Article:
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    Hey guys,

    I wanted some critique on my first parallax website. My code is based off:

    Here is the test site:

    Couple things I plan to do:

    • Finish “Contact Us” section
    • Make skrollr slides responsive for mobile using Enquire.js

    Things that are weird that I haven’t yet figured out (may need input):

    • Window resizing detection is horrible, the video glitches out, content overlaps and sometimes hides under the slides on smaller screen resolutions
    • Initial page load on shows the content before it is completely loaded thus looking a bit garbled.



    Technically, this isn’t parallax. This employs SCROLL EFFECTS… but it’s not parallax per se. The envelopes at the end are quasi-parallax, as they move at different speeds giving a slight illusion of dimension… but they move down, not up on scroll, sort of breaking the illusion…

    NOT THAT ANY OF THAT MATTERS. I just want people to know what parallax is and what it is not.

    On another note, looks like you’re using skrollr, which uses jQuery for tweens. I say this all the time and people are probably real sick of it… but I would use Scroll Magic, as it uses GSAP… which CRUSHES jQuery in every conceivable performance benchmark.

    wrote a nice piece on it here:

    Pay CLOSE attention to the particle test. GSAP is crazy fast.


    Thanks for the suggestion! I used skrollr because I saw that it was common and the example was very easy to follow. Scroll Magic is news to me and looks fantastic!

    Appreciate the input, those animations and particles are quite silky smooth indeed.


    Dude, check this out:

    This is a great tool. These examples are the best I’ve seen on ANY scroll tool to show you how to use it. They are stupid easy and teach you all about using their tool.

    Also Scroll Magic is aggressively developed and ACTIVELY maintained on Github.

    Also, you can use GSAP completely separate from Scroll Magic. Scroll magic is just the tool that ties a great tweening engine to scroll position.

    Here are their tuts:

    GSAP has awesome docs and a GREAT forum community.

    These are awesome tools you should hang onto because clients love scroll effects… for whatever reason.

    Other than my suggestion to use GSAP… great job!


    Suggestion: The video background is awesome. However, it needs to stop — running it on a loop (so the camera pans up, down, up, down, …) is distracting (especially at the point where it starts over). It should pan up to view the house, and then stay there.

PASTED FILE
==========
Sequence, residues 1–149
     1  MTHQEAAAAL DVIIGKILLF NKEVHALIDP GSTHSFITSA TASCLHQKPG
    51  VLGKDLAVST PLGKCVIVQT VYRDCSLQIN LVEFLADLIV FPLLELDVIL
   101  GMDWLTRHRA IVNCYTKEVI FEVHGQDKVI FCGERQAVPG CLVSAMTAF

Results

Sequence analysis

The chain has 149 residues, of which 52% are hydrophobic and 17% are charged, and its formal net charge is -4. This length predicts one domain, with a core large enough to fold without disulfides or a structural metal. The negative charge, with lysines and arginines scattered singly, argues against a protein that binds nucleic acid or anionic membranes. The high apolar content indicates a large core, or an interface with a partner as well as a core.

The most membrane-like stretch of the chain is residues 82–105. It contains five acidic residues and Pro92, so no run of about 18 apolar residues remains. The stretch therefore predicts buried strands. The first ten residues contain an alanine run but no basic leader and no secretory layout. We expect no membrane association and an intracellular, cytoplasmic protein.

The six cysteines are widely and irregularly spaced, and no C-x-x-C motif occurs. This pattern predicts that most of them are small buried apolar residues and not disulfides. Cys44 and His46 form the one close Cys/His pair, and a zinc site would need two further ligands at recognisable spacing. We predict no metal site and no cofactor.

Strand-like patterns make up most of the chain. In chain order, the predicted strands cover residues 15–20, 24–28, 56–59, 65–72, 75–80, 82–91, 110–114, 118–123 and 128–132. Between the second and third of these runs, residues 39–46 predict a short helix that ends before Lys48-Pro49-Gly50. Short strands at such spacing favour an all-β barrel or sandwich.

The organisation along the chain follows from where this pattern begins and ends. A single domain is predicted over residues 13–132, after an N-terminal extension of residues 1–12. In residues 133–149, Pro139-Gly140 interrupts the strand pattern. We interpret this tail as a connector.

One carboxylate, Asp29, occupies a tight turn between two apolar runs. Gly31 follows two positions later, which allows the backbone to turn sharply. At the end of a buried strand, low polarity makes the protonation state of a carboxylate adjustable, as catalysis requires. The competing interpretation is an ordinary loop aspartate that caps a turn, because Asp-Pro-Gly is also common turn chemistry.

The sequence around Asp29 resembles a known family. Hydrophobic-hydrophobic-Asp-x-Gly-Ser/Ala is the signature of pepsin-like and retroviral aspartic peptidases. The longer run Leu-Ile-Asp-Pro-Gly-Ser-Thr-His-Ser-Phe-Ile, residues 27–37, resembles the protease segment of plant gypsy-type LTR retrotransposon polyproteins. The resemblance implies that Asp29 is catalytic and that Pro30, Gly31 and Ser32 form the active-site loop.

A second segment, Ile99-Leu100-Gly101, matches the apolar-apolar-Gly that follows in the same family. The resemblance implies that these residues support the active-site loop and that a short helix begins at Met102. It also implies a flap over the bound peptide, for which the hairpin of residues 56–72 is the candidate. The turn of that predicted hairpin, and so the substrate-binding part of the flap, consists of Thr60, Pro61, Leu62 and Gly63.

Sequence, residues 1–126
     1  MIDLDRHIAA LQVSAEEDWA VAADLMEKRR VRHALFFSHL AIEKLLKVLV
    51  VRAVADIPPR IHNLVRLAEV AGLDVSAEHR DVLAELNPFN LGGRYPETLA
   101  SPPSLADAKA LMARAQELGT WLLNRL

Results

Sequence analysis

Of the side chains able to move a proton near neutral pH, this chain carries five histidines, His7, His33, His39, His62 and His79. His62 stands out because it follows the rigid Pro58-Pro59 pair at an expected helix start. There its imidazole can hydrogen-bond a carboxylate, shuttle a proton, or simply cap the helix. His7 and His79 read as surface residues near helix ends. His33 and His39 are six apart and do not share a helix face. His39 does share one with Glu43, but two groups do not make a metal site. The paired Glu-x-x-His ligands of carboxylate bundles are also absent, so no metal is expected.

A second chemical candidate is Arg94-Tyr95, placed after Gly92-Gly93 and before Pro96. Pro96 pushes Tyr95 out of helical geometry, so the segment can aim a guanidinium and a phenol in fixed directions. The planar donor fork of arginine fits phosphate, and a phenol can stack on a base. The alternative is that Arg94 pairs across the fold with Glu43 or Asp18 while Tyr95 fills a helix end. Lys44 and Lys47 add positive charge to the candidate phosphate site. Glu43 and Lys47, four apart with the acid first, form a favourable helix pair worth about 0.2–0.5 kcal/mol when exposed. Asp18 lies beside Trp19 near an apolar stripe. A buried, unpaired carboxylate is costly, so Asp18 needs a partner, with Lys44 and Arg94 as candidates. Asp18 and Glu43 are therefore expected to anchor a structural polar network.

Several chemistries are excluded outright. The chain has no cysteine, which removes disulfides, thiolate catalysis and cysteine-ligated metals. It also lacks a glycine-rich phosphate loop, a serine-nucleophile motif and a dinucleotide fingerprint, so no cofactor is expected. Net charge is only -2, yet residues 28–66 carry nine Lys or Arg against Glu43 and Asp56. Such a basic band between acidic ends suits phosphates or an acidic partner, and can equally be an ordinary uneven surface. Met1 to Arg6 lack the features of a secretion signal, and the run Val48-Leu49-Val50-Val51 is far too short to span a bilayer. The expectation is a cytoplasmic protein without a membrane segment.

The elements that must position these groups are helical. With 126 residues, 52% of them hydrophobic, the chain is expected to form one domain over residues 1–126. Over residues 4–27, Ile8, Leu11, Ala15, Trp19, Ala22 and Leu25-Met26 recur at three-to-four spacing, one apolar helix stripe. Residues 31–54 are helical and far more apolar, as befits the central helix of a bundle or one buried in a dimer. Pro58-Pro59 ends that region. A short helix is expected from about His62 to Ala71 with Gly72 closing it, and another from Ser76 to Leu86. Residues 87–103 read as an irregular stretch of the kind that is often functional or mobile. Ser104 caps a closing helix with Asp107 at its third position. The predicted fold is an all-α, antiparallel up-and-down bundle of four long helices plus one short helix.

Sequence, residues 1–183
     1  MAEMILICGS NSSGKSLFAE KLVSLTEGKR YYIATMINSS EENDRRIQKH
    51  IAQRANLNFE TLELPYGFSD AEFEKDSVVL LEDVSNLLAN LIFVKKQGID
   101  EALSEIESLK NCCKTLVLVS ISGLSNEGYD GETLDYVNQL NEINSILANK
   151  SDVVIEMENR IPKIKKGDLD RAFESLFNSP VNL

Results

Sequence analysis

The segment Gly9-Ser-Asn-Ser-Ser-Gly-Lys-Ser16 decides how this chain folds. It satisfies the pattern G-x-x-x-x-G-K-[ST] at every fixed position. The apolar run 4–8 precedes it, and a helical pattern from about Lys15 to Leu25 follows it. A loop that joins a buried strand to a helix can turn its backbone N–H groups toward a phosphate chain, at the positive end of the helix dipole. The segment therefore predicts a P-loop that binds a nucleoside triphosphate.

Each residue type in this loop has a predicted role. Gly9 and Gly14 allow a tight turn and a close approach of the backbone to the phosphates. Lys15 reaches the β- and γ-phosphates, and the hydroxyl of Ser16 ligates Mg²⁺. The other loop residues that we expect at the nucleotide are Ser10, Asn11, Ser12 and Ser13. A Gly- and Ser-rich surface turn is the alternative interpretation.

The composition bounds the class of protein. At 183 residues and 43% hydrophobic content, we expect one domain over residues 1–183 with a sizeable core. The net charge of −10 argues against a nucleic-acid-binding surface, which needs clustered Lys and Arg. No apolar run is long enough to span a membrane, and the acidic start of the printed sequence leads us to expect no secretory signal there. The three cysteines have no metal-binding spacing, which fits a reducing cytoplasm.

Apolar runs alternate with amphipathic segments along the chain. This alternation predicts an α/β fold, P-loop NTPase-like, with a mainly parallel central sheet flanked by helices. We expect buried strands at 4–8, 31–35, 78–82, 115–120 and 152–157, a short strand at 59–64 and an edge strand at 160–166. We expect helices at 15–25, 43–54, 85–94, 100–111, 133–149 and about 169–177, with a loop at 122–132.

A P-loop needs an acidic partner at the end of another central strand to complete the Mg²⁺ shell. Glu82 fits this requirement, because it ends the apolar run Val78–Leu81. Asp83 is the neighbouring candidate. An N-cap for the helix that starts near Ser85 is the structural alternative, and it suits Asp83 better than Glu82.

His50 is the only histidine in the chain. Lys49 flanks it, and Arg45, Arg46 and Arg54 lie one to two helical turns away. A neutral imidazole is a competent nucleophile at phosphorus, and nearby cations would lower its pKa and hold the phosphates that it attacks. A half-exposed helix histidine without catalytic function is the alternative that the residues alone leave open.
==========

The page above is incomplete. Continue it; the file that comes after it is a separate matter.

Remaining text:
Great point. Maybe I will edit the video to freeze frame on each pan so its not as annoying. The video does stop on scroll to solve some performance issues but continues when the viewport is at the top.


    Maybe I will edit the video to freeze frame on each pan so its not as annoying.

    I bet you could stop the video with about 2 lines of JS.


    @NIX you are on top of it. Bare with me i’ve been up for about 48 hours getting ready for my trip to Europe and tying loose ends. Definitely seems like the better solution. Thank you.

    var vid = document.getElementById("video");
    function myFunction(){;
        }, 15000); //15 second timeout in milliseconds

    That is definitely along the lines of what I was thinking… not quite two lines though. Ha ha ha! That might have been an exaggeration.

    Does this work?


    I believe it will because I use a similar script to pause the video on scroll or else scrolling will jump. This other script isn’t quite 2 lines but does the job:

    var videos = document.getElementsByTagName("video"),
    fraction = 0.8;
    function checkScroll() {
        for(var i = 0; i < videos.length; i++) {
            var video = videos[i];
            var x = video.offsetLeft, y = video.offsetTop, w = video.offsetWidth, h = video.offsetHeight, r = x + w, //right
                b = y + h, //bottom
                visibleX, visibleY, visible;
                visibleX = Math.max(0, Math.min(w, window.pageXOffset + window.innerWidth - x, r - window.pageXOffset));
                visibleY = Math.max(0, Math.min(h, window.pageYOffset + window.innerHeight - y, b - window.pageYOffset));
                visible = visibleX * visibleY / (w * h);
                if (visible > fraction) {
                } else {

    When I add it I will let you know, in theory it should work.


    To me, video doesn’t add anything of value. It’s just blurry, pixelated, and pans up and down. It’s not a strong visual IMO. It doesn’t engage me, it doesn’t provide any compelling argument.

    You need to make emotional connection between the house and the viewer. Placing people in the frame doing something helps. It helps by enabling the viewer to envision themselves buying or selling this home.

    Other than that, site looking great.

    Hope that helps,



    While I personally agree with this….the case we have here is “the client is always right” syndrome. They purchased the stock video already so it cannot be un-done (and it was expensive). As far as the pixelation is concerned, from other sites that I have viewed as an example usually the embedded video should not exceed 1.5mb-2mb. I used handbrake (mp4) and firefogg(webm) for the encoding but i’m not a video guy so I am unsure of the proper tweaking to get less pixelation and seems to be the case here, but I will probably look into it further. Have any ideas?


    I think it kind of is what it is dude. Without the granular control of choosing the video yourself, just let the client have what they think they want.


    I totally get it :)


    Thanks guys for all your kind words…until next time.

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